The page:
I recently heard a wonderful speaker named David Cook, who is one of the great sports mental coaches in the country. He had a really interesting theory about goal setting that I thought was worth sharing with you. He said when you go to set up a goal, whatever it is, you should try to see that goal in your own mind being accomplished. You need to see the outcome. Then you need to feel what it will be like once you’ve accomplished that particular goal, and get that feeling in mind. And then you need to trust that you’re going to be able to get there. He said the power is in the seeing it and the feeling it, and then just trusting the thing. So if you have a goal, whether it’s a business or personal goal, try to actually see yourself accomplishing it and feel like you’re going to feel once you’ve accomplished it—the smile on your face, the applause from other people, whatever—and then just trust it and set your sights on that goal. I think that is really interesting. In golf, he has a whole bunch of people who have “SFT” on their ball, so when they’re playing golf, they try to see every shot—what kind of shot are they going to hit, where is it going to go, how high and all—then get up and feel it, and then just trust the process. He said it really is amazing how it works on all kinds of goals. I was thinking about the great athletes competing in the Olympics—the ones who win have seen themselves crossing the finish line and accomplishing their goal ahead of time. Then they make their actions consistent with what they are seeing and feeling. I think it’s a really fascinating process: See it – Feel it – Trust it. Isn’t that interesting? Try it on one of your goals today.
6 thoughts on “See the Outcome!”
A lesson I have learned, and am learning again, is to remember goal setting isn’t everything. Be sure you are setting the RIGHT goal!
I have a tendency to get my teeth sunk into a goal and not let go. What it is important for me to remember is to align my goals with my purpose and not get caught up the goal itself, but to remember my purpose and alignment of goals!!
I must remind myself, “is this a good goal for me?” So envisioning the end result is a good test for this. Does this really get me where I want to go?
Start from the very end. Start with the “Endless point”. What does it look like? Describe it now. Find the words and emotions that best describe your” Endless point”. How do you feel about that? If you feel strong enough about your “Endless point” then, what steps you need to take to get there? Hang on to these, go with full speed ahead, never stop and let others take control of your “steering wheel”.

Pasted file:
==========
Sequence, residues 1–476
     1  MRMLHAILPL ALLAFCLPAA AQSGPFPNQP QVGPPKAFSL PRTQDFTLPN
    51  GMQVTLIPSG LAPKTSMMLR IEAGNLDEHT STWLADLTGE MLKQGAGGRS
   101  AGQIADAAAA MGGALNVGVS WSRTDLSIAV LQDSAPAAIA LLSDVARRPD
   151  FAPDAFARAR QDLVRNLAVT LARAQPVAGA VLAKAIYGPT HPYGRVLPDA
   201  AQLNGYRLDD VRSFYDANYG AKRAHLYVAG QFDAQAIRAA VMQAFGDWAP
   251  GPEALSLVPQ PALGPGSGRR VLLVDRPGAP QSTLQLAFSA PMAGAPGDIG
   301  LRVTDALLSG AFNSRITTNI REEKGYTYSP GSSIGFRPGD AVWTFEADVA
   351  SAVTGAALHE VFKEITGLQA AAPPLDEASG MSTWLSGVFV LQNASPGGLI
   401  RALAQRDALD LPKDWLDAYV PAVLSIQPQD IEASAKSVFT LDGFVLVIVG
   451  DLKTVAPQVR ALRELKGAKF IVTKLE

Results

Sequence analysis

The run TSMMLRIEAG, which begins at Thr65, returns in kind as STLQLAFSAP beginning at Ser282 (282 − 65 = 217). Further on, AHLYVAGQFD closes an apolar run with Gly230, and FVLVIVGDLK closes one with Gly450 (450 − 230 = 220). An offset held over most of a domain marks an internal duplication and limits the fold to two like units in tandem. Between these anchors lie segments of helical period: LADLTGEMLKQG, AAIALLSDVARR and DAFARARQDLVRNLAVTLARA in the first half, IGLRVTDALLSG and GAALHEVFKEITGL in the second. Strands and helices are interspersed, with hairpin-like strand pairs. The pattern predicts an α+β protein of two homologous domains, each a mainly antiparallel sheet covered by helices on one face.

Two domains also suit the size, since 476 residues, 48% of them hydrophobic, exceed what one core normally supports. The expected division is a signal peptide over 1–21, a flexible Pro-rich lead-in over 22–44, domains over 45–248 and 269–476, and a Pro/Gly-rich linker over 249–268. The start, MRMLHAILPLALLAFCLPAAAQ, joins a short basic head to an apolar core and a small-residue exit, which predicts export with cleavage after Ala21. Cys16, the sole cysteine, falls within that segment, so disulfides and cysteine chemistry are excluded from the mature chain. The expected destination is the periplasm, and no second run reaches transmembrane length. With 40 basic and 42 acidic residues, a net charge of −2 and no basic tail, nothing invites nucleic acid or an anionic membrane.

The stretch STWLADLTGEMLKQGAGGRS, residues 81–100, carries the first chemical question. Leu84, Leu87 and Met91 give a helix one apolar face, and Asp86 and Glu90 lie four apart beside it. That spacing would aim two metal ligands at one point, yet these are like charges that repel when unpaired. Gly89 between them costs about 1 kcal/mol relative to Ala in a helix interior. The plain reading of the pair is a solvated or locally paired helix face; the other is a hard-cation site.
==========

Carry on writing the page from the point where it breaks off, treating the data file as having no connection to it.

I agree, a goal is not a goal if we cannot accomplish it. Otherwise, it is just a dream. We have to believe, or see, that we can accomplish our goals because we all must accept that what is not possible is not possible. Take an example from the way of the beaver. Part of it is for manager to set a goal that challenges skills, but also can be reasonably attainable. Walton Works #2 cannot accomplish two hours of work in one hour. I also wanted to comment on the spirit of the squirrel, my favorite lesson of all three. I believe the key to confidence is knowing your work is important. If I knew a task was meaningless, I would not even bother to succeed in accomplishing that task. Of course, confidence comes from cash and congratulations (gift of the goose), but personally, spirit of the squirrel has taught me that everyone else around me (or, almost everyone) too is driven by feeling important.
This blog reminds me of the book “Gung Ho” in which they have to re-evauluate their companies state of frame and try to implant a new work motive in which would help them reach their goals.
Goal setting is an extremly important part of being succesful in anything you do. In the book Gung Ho, the author talks about result goals and value goals. Result goals are where we wanted to be and value goals are statements that set out the impact we want to have on our team members and customers. In both of these types of goals it is essential to see the outcome.
I completely agree with you ken. Whenever you want to accomplish something you should look at the outcomes that will occur with it. You should envision what you want to occur and aim for that specific image. For instance, in the book Gung Ho!, the whole story is mainly about setting goals and viewing all the results to see what you truely want. I also agree that the actual feeling of accomplishing something has a big impact on goal setting. The feeling that you recieve can sometimes be undescrible. When people think about the moment after they achieve their goal, it empowers them to want to succeed more. I believe seeing the outcome and imagining the feeling of a goal truely determines how much you want to accomplish your goal, may it be business or personal.
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